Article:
Compared to Steven James' Patrick Bowers series, Back on Murder is tame, and I think Mark handles Christianity very well in his peripheral characters. Steven James chooses to use references to his protagonist's deceased wife's faith but his protagonist staunchly refuses to believe. I think Nightmare is pure speculative fiction, as you said paranormal suspense, but for me the premise doesn't work biblically, so it didn't even cause a "What if?" in my world. However, I have no complaint that a CBA house decided to publish it.

    Many of these books could be sold side by side with ABA books, but your point of whether or not they'll receive as much or equal attention there is a bit unpredictable. I think the thriller authors stand the best chance.

  3. Edward,

    I sympathize with your frustration. I've seen numerous friends get publishing contracts...except for the spec fic writers, who have a harder time of it. You're right that the market is changing and we're still seeing how it will play out.

    I would point you to my friend Becky Miller's blog "A Christian Worldview of Fiction" (on my sidebar) as she is like the guru of Christian spec fic. She has a good series of posts on how spec topics are so popular in regular culture, why not CBA.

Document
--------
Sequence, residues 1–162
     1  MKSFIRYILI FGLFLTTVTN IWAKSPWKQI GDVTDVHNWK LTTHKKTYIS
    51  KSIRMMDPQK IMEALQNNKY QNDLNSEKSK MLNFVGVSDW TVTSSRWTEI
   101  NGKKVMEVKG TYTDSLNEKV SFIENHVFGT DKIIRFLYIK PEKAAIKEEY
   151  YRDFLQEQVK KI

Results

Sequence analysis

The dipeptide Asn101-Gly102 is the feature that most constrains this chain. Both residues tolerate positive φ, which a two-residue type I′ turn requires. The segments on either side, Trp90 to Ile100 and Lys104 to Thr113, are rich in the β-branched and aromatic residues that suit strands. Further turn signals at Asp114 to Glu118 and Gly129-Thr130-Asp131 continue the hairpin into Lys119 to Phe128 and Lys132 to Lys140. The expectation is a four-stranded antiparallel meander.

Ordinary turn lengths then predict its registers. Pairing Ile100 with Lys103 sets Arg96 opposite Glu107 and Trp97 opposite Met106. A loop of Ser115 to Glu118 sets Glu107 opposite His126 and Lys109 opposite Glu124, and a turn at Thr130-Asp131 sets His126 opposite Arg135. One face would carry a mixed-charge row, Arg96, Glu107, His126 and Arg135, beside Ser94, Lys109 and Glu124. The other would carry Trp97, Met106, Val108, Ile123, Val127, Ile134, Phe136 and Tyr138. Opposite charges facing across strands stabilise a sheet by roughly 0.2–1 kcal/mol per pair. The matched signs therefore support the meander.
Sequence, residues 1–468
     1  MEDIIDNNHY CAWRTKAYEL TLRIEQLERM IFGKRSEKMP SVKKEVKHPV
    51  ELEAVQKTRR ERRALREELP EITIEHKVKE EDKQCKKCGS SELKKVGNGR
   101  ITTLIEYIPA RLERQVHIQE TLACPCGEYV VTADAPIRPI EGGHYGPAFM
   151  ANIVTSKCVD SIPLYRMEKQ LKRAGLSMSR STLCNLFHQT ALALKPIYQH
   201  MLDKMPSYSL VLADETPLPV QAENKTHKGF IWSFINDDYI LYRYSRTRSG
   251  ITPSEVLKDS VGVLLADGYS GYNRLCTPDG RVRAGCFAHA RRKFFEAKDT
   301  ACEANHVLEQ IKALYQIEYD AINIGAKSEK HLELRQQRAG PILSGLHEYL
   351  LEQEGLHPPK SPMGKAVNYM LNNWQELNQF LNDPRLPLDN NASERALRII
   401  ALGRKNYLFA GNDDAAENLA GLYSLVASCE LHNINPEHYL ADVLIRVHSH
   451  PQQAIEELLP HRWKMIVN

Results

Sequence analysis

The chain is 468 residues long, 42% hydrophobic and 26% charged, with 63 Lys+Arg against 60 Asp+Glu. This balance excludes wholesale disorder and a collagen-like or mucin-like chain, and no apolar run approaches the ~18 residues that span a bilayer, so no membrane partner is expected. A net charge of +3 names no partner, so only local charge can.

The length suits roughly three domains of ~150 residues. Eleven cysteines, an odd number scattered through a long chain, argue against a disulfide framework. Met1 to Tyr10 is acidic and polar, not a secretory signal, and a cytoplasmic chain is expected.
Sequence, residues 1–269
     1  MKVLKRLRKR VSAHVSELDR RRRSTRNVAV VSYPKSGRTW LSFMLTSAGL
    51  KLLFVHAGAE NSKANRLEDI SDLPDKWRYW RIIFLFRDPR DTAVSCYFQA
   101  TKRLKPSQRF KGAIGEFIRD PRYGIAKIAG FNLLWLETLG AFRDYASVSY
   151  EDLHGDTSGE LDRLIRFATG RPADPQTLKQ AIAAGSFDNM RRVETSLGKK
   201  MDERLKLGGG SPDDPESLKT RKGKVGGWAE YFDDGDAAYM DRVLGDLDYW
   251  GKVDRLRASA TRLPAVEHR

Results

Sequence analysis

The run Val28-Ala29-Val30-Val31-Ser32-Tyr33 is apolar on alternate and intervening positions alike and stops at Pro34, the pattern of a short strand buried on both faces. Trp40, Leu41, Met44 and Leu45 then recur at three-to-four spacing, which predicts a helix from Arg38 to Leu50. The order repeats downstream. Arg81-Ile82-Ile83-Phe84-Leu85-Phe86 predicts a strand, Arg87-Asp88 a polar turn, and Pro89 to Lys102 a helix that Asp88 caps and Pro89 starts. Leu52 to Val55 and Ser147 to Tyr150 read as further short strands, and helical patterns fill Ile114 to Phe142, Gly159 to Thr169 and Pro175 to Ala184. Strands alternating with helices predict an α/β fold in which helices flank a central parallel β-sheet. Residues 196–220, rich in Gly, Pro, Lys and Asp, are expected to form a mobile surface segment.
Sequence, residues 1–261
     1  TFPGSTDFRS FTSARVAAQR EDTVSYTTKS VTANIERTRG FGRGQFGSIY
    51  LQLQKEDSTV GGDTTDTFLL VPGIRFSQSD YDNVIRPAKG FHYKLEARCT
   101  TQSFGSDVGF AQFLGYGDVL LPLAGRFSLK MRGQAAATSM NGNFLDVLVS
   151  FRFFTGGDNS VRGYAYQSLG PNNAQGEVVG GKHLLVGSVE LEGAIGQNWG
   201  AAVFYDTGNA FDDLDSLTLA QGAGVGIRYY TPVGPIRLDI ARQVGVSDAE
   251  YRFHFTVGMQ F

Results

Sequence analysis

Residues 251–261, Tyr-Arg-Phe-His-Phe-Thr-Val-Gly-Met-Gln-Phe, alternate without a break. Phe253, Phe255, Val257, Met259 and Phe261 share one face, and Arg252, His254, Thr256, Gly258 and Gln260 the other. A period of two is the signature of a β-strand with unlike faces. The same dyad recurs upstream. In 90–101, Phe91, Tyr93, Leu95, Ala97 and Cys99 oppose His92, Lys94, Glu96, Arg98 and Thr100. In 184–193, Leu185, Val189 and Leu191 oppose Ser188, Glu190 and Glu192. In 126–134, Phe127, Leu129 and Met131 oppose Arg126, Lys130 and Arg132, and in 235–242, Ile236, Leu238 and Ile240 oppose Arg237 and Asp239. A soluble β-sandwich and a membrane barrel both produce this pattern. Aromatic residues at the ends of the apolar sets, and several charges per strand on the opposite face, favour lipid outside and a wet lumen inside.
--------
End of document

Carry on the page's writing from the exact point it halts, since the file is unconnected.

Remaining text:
Also, check out Jeff Gerke and Marcher Lord Press. He specializes in Christian spec fiction!

    Thanks for coming and visiting! I'll check out your site when I have time.


  4. What is written by a Christian author is Christian fiction. If the author is not, the book is not Christian. We should be caring more about whether the book in question is of literary value. Then we can decide if we can take something of value from it or must reject it. Read widely and critically! Please visit my blog. Thanks :)

  5. Nicole - I understand that part about placement of CBA books, that it isn't always up to the publisher. I'm wondering if certain authors shouldn't publish in ABA vs. CBA to be in the bigger pond, making more impact. Dekker's the only one who really does this currently.

    David - Thanks for the comment. I agree that we need a high level of literary quality in Christian fiction. It used to be the highest (Tolkien, Lewis, Dostoevsky). Note that I was trying to distinguish between CBA fiction as a sub-genre. I would say other novels that are Christian, such as Gilead, aren't in the CBA realm. I guess I'm wondering if some CBA authors shouldn't make the jump into the bigger pond.

  6. Jason, this is far easier with certain authors and certain genres. There are some ABA publishers who welcome a faith element and others who don't. Francine Rivers and Robin Lee Hatcher left ABA because of their "graphic" demands. Sometimes we forget some of their publishing houses have stringent requirements too.

    Exposure and marketing remain a conundrum for CBA in my opinion.